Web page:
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I have a finite cylinder in three-dimensions with a long-axis defined by the endpoints $p_1$ and $p_2$, and radius $R$. What is an easy method of picking a random point in this cylinder with uniform probability across its volume?

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You can rotate into and out of a new set of coordinates aligned with the axis, but this would most likely be less efficient than sampling and rejection, since the change of coordinates would probably involve 10 or 20 arithmetic operations per sample. Why do you not want to use sampling and rejection? –  Ben Crowell Feb 19 '12 at 21:58

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Find a small box containing your cylinder and generate random points uniformly in the box, rejecting points that are outside the cylinder. (This is not the fastest method, but probably the simplest.)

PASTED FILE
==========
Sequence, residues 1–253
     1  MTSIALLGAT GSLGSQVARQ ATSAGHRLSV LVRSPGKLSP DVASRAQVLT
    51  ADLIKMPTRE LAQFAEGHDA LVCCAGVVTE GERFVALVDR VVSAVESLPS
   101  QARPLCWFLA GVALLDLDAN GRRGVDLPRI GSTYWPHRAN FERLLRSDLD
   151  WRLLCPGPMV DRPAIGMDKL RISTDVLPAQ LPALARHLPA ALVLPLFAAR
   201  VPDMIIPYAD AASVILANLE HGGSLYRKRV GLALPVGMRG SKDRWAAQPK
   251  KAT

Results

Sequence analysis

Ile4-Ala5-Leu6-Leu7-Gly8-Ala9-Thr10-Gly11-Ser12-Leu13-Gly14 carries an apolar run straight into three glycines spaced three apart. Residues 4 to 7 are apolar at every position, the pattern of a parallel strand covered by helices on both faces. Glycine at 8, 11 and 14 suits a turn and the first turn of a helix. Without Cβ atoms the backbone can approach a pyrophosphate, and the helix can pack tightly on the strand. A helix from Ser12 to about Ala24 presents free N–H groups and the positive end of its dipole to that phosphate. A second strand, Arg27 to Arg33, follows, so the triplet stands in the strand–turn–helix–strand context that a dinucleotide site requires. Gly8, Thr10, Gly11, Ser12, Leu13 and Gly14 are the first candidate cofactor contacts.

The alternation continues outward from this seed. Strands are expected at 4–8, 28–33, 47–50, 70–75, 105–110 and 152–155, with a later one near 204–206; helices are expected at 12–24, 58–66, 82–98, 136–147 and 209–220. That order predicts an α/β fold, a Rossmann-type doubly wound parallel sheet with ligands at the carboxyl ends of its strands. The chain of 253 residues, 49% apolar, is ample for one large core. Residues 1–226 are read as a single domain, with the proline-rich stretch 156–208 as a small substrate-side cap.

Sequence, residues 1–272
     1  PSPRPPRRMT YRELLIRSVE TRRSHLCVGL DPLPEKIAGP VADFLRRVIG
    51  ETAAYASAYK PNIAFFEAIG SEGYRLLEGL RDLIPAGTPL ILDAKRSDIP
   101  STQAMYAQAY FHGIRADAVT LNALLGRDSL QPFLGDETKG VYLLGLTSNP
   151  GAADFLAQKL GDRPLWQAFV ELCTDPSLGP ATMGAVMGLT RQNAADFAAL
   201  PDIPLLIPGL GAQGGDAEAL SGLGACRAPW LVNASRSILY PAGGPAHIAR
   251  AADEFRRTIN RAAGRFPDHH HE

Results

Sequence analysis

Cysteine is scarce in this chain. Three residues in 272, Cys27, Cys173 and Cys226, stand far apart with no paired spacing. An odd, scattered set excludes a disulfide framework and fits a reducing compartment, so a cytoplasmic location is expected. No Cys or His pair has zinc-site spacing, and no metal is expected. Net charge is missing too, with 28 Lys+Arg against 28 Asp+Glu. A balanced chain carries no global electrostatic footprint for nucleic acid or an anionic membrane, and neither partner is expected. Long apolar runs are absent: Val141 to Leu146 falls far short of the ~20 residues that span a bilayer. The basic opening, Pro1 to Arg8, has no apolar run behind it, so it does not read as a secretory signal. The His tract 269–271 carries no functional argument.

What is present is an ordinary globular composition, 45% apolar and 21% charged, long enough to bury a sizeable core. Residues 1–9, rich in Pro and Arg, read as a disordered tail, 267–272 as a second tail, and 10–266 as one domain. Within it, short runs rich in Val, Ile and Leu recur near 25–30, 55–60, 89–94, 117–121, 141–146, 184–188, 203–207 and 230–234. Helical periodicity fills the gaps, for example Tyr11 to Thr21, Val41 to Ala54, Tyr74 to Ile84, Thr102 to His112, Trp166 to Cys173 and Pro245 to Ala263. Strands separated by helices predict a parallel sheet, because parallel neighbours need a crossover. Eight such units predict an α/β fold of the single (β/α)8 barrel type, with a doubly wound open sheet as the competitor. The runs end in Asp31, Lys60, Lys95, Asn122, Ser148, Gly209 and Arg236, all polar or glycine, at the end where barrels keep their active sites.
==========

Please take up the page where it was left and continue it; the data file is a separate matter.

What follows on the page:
Another method that is a little faster would be: Generate points uniformly and randomly on a disc with the same radius as your cylinder (for example as above), and then choose the distance along the axis uniformly.

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Sampling points on a disk is easily done without rejection, by picking $\theta$ and $r^2$ uniformly in polar coordinates. See this previous answer and MathWorld on disk point picking. –  Rahul Feb 19 '12 at 21:03
    
Yes, you're quite right of course. One advantage of generating and rejecting points is that it works for non-symmetrical bodies as well. –  mrf Feb 19 '12 at 22:22

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